16D14N Gems of East Europe

  • Prague
  • Ezstergom2
  • Copyright:jborzicchi / 123RF Stock Photo
  • JasnaGora
  • DivineMercy
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Germany, Poland, Czech Republic And Hungary
September 2014 / June 2015 / September 2015

Esztergom Cathedral, Hungary

The basilica, the largest church in Hungary, is on Castle Hill, and its 72m-high central dome can be seen for many kilometres around. The building of the present neoclassical church was begun in 1822 on the site of its 12th-century counterpart destroyed by the Turks. József Hild, who designed the cathedral at Eger, was involved in the final stages, and the basilica was consecrated in 1856 with a sung Mass composed by Franz Liszt.

The grey church is colossal, measuring 117m long and 47m wide. Its highlight is the red-and-white marble Bakócz Chapel on the south side, which is a splendid example of Italian Renaissance stone-carving and sculpture. The chapel escaped most – though not all – of the Turks’ axes; notice the smashed-in faces of Gabriel and missing heads of other angels above the altar. The copy of Titian’s Assumption over the church’s main altar is said to be the world’s largest painting on a single canvas.

On the northwest side of the church is the entrance to the basilica’s treasury , an Aladdin’s cave of vestments and church plate in gold and silver and studded with jewels. It is the richest ecclesiastical collection in Hungary.

The door to the right as you enter the basilica leads to the crypt , a series of eerie vaults down 50 steps with tombs guarded by monoliths representing Mourning and Eternity. Among those at rest here is Cardinal József Mindszenty. It’s worth making the tortuous climb up to the cupola for the outstanding views over the city; the 400 steps leading up to it are to the left of the crypt entrance.


Jasna Gora Sanctuary in Czestochowa

It is the holiest place of Poland and one of the world’s most important destinations for pilgrims. The Jasna Gora (Bright Mount in Polish) sanctuary in Czestochowa, industrial city of 300,000 a ninety minutes’ drive northwest from Krakow, has been Central Europe’s spiritual hub for six centuries and it shows.

Every year several million pilgrims – commoners as well as celebrities – come here to pray before the miraculous picture of Our Lady of Czestochowa. The faithful has believed for ages that St. Luke the Evangelist himself painted the divine icon on a tabletop from the Holy Family’s house. Anyway, over the last half-millennium great number of them have had their prayers heard and, grateful, left innumerable votive offerings displayed in the sanctuary.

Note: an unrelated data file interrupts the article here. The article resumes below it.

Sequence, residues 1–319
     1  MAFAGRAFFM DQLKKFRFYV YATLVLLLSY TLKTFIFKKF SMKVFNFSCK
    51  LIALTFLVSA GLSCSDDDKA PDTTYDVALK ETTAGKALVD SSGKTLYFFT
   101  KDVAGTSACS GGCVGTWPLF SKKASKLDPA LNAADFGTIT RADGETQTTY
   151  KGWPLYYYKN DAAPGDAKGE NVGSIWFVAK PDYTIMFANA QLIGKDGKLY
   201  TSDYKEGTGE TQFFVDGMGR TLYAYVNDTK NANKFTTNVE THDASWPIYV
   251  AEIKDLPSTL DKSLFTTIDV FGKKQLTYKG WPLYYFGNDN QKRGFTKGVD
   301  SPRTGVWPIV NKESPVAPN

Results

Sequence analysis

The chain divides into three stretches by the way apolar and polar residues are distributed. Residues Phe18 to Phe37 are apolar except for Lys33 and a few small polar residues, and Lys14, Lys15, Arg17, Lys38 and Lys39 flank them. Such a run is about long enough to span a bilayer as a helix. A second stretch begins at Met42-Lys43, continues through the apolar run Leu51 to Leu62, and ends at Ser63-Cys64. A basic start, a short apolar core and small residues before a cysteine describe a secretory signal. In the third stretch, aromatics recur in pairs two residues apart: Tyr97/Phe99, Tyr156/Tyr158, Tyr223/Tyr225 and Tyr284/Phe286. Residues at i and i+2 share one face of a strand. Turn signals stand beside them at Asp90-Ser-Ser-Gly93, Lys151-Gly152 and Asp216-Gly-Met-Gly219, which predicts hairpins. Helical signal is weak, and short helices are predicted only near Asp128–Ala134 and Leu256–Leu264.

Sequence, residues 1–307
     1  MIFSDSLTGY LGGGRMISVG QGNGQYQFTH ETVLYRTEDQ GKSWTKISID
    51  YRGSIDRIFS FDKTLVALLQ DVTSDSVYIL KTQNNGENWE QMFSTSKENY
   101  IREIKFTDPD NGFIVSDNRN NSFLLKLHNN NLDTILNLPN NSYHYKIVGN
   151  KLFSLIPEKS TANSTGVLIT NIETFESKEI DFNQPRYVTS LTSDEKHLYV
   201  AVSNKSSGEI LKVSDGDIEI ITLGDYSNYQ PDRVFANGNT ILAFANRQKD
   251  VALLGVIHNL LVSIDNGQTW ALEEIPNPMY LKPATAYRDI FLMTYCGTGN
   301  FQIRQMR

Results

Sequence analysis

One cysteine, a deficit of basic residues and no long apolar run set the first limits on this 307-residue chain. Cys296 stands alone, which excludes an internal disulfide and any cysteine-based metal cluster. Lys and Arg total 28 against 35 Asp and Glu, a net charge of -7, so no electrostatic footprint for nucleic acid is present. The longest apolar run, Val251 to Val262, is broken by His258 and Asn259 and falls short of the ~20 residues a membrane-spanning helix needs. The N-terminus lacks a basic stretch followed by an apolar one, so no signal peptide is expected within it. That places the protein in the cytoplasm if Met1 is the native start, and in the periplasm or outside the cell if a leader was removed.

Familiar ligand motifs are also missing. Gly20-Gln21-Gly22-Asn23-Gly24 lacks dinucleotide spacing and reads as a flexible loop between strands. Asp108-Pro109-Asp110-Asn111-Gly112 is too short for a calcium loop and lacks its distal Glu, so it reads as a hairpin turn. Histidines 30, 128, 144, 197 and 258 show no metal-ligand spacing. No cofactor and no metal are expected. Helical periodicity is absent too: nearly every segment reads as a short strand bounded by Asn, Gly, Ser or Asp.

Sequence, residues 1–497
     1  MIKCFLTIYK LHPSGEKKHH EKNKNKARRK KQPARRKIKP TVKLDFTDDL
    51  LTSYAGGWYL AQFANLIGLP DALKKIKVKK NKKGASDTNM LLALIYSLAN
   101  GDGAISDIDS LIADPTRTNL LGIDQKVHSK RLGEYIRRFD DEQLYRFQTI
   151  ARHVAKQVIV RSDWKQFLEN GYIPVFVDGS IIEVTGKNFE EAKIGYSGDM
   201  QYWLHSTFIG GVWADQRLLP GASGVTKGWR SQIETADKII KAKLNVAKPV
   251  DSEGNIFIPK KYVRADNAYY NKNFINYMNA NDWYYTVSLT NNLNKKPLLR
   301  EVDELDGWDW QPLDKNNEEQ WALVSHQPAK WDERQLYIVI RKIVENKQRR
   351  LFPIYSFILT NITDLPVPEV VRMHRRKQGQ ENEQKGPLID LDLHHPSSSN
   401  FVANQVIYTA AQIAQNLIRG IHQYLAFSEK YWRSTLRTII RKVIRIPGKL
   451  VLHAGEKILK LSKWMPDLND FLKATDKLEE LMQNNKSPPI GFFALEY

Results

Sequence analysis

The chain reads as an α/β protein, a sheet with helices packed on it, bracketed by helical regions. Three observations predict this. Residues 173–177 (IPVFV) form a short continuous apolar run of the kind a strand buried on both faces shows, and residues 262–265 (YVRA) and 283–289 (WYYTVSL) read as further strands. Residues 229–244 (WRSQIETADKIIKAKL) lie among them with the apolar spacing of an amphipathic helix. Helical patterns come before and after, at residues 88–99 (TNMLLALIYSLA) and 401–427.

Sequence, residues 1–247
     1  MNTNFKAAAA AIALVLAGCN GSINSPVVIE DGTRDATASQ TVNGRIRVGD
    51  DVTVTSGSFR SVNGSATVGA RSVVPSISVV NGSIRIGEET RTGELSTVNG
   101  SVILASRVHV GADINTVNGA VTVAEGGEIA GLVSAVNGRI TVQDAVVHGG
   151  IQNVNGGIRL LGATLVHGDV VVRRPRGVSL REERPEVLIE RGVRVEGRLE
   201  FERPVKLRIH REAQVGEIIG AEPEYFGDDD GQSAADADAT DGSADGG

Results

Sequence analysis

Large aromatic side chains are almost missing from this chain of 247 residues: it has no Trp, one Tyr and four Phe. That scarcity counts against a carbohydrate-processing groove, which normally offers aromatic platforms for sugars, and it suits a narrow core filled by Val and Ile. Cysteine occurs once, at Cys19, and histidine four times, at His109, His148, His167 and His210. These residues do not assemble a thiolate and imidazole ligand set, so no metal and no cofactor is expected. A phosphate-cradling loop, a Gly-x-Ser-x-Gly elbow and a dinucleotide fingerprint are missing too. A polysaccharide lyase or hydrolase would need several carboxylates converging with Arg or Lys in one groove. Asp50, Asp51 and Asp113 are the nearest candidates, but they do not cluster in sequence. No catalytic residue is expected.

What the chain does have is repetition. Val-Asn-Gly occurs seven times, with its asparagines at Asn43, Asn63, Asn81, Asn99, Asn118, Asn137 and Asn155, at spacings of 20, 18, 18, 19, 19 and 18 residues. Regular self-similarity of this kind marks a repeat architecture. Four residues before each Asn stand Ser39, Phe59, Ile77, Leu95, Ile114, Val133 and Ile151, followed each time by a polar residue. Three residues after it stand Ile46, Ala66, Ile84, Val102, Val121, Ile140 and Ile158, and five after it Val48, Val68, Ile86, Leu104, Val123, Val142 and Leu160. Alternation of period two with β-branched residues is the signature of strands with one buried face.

Small 15th-century Gothic chapel with Our Lady of Czestochowa’s holy picture, also known as ‘The Black Madonna’, is the heart of the sanctuary. It adjoins vast Baroque church of 1695. The fine 105-meter-tall tower crowned with viewing gallery dates back to 1620. The adjacent mid-17th-century early-Baroque monastery contains the Great Refectory of 1644, the Knight Hall of 1647, and the 18th-century library with unmatched collection of old books. Fortifications date from 1643 while majestic gates are a century younger.


St Mary’s Basilica, Krakow

The basilica of the Virgin Mary’s (or Kosciol Mariacki) at Krakow’s central Grand Square has been traditionally the temple of choice of the city’s burghers. It also seems to be the most famous of all Poland’s churches.

The Gothic edifice of the present St. Mary’s church replaced its Romanesque predecessor by the end of the 13th century. In 1365 a chancel was added and soon its splendid big stained-glass windows, of which three are still in place, were ready as well.

By the end of the 14th century the body of the church got its current form of a basilica. The taller (81 meters) of its two towers, with a fantastic Gothic spire of 1478 and a gold-plated crown of 1666, curiously belongs to the municipality and the Krakow signal is played from it every full hour. The lower tower (69 meters), with the 1592 Renaissance roof, accommodates five bells. Two of them date back to the late 14th century. In the Baroque front porch of the mid-18th century one finds two early-Gothic holy-water basins